Among Florida seniors, 83% support legalizing the plant and 95% of millennials (18-29 year olds) do as well. Even 80% of Republican voters support its legalization, which is a major switch from just a few years ago. Overall, 88% of Florida voters support legalizing cannabis for medical use, which bodes well for the November general election’s Amendment 2.

It is the level of legalization which there is some discrepancy. Fifty-five percent of Florida voters support allowing adults in the state to legally possess small amounts of marijuana for personal use a/k/a “recreational marijuana.” The level of legalization Democrats are at is 64% and Republicans are at 41%. Millennials support this level of legalization at 72%, while seniors are only at 36%. It becomes clear through the poll that seniors mostly support medical marijuana, however have not yet made the leap to allowing use of the plant as say, having a beer or a glass of wine.

 

Thin Majority Of Connecticut Voters Support Marijuana For Personal Use, Poll Shows

CONNECTICUT: A slight majority of Connecticut voters support the legalization of marijuana for personal use, said a Quinnipiac University poll released Monday.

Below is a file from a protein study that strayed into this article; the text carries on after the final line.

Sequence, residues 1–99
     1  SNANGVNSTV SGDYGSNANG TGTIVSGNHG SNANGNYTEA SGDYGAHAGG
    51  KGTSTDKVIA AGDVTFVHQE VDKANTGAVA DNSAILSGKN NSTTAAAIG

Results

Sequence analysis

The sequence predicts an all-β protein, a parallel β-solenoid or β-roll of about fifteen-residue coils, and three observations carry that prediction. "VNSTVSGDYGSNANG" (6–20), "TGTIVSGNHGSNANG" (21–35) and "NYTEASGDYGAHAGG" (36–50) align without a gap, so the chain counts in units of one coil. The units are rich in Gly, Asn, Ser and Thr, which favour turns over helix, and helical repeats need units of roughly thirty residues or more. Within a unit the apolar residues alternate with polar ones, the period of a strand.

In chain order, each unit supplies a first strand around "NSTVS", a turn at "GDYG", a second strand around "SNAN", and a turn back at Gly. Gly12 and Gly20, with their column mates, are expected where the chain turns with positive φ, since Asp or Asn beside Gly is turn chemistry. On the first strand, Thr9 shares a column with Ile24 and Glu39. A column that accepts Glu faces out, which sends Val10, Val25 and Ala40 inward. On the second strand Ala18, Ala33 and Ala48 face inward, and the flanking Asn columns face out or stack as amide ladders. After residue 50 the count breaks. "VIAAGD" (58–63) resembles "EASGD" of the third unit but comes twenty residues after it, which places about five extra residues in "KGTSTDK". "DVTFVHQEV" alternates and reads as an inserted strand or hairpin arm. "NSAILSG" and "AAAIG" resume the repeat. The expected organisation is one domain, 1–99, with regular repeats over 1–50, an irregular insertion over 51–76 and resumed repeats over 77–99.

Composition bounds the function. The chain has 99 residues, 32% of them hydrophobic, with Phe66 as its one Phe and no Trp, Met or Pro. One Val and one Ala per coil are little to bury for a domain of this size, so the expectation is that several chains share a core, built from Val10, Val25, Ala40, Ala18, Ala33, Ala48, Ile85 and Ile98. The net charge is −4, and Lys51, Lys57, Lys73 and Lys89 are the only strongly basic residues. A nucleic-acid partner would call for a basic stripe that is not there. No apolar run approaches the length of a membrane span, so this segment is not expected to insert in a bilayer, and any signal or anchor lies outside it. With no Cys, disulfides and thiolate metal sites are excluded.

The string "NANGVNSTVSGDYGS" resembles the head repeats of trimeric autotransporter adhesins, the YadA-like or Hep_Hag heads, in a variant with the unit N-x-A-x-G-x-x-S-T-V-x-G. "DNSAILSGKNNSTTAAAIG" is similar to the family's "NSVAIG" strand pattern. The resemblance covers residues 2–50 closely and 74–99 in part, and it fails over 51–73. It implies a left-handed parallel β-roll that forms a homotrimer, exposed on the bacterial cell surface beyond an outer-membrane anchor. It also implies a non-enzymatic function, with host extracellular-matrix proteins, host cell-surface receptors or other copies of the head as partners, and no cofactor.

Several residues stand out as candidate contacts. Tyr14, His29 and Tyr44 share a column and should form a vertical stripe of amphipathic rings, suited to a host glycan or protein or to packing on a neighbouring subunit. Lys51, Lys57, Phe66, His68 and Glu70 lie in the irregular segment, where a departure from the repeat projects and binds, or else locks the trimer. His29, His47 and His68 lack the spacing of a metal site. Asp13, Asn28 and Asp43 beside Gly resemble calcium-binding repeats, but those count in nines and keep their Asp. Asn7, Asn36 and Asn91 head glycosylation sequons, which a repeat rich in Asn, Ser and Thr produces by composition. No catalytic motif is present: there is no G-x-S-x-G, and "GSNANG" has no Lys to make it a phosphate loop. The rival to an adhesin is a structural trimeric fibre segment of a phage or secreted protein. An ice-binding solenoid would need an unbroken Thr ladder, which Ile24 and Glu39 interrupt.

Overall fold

By 52-45 percent, voters said adults should be able to possess small amounts of the drug. The poll found a huge margin, 90-9 percent, support medical use of marijuana, and 69-28 percent would support having a medical marijuana dispensary in their town.

Like previous polls on recreational use, voters aged 18 to 29 support it 80-20 percent, while voters older than 65 oppose it 61-34 percent. Men back it 54-42 percent, while women remain divided at 49-48 percent.

Poll: Ohioans Strongly Back Medical Marijuana

OHIO: Ohio voters overwhelmingly back the use of medical marijuana and narrowly support making recreational use of the drug legal, according to poll results released Monday morning.

A Quinnipiac University poll showed 87 percent of voters, including broad backing from every demographic measured, support allowing marijuana to be used for medical purposes, compared to just 11 percent who didn’t. A smaller majority — 51 percent — of voters said adults in Ohio should be allowed possess small amounts of the drug for personal use, while 44 percent were opposed to that.